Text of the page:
To Some it is Given
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Can you speak in tongues? Work miracles? Heal? Prophecy?
What would you say if I told you that you had to be able to discern Spirits to be a good Mormon? What if being able to interpret tongues was a temple recommend interview prerequisite? That would be crazy, right? Because those are really specific (and uncommon) gifts of the spirit that not everyone has been given, “For all have not every gift given unto them; for there are many gifts, and to every man is given a gift by the Spirit of God. To some is given one, and to some is given another, that all may be profited thereby” (D&C 46:11-12). Faith and belief are also a gifts (D&C 46:14, 1Corinthians 12:9). Yet, we discuss faith and belief as if they are supposed to be given to everyone. This has always confused me because I have never been great at believing.
I remember embarrassingly walking off of the hypnotist’s stage after I couldn’t pretend any longer that it worked on me and scoffing at ghost stories while all my girls’ camp pals screamed in horror. I asked at my baptismal interview “If I’m completely sinless after baptism, can’t I wait until I’m old and about to die? Doesn’t that make more sense?” And when I hear other’s testimonies of certainty I think they are nice, but I don’t believe them. Belief is very difficult for me. Because of this I have often felt out of place and at times, even unwelcome in the gospel. At different stages in my life I have tried to feign belief or couch it in the appropriate semantics of a proper testimony, but I have never had the gift of believing.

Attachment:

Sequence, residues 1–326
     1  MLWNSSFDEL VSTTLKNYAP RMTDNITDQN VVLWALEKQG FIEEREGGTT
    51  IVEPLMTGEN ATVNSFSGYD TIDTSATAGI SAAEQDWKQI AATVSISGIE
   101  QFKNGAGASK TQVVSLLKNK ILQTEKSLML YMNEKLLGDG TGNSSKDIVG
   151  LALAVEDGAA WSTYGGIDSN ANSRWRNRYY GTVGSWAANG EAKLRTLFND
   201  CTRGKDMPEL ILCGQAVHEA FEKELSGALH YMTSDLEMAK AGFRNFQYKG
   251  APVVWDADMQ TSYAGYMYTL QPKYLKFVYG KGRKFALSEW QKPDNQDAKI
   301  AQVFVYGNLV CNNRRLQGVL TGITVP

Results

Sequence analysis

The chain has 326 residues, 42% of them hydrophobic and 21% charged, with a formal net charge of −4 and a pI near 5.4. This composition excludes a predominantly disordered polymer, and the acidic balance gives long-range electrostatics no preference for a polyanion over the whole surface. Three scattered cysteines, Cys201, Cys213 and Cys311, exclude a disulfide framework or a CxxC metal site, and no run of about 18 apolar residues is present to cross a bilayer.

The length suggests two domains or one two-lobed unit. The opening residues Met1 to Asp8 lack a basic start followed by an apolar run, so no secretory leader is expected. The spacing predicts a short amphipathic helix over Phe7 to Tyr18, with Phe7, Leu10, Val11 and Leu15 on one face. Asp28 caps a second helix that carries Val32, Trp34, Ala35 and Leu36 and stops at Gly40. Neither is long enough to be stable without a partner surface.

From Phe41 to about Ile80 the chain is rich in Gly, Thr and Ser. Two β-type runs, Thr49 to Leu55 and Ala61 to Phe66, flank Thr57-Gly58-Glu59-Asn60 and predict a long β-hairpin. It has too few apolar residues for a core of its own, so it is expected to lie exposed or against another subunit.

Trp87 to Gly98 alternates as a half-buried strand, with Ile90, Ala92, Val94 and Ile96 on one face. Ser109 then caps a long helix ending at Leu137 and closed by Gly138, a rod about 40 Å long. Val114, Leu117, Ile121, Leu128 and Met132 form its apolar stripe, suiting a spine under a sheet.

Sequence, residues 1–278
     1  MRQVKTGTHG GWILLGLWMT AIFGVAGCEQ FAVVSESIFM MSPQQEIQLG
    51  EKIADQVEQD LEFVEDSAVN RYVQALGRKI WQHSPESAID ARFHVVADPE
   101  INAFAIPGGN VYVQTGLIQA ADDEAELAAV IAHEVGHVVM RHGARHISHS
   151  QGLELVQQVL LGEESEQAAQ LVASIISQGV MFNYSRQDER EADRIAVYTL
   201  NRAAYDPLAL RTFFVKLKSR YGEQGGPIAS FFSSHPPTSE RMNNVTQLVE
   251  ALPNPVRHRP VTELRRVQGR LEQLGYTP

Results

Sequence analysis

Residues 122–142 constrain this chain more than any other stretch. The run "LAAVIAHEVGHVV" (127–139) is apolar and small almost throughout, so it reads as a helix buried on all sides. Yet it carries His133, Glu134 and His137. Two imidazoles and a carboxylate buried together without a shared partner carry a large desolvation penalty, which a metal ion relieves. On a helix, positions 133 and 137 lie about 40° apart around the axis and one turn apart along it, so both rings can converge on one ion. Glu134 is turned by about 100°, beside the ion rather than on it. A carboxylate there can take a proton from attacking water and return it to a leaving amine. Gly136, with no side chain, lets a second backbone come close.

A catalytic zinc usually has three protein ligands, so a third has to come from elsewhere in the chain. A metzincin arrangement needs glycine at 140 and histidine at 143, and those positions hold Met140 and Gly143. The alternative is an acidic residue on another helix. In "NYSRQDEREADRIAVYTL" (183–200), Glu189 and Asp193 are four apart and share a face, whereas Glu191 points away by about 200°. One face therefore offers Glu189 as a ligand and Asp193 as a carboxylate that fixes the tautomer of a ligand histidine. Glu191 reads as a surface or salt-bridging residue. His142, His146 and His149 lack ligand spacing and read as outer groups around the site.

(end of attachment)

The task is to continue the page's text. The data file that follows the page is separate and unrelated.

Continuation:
Sure, I have had wonderful, moving, spiritual experiences, but it is difficult for me to see those as isolated from the context and emotions of those moments and to cling to those memories in times of doubt. I have also devoted years of my life to increasing my belief, with dedicated scripture and prayer regimens, fasting, temple worship, and priesthood blessings. In all of my efforts, I have sometimes felt calm, peace, clarity, and even joy, but I have never felt unwavering belief. I have the desire and I have put in the time and effort, which means that for years I blamed myself for my failure to believe. If only I was less logical, more open. If only I could ignore some things or wait for the next life to ask others. The only thing consistent about my belief is that it changes. A lot.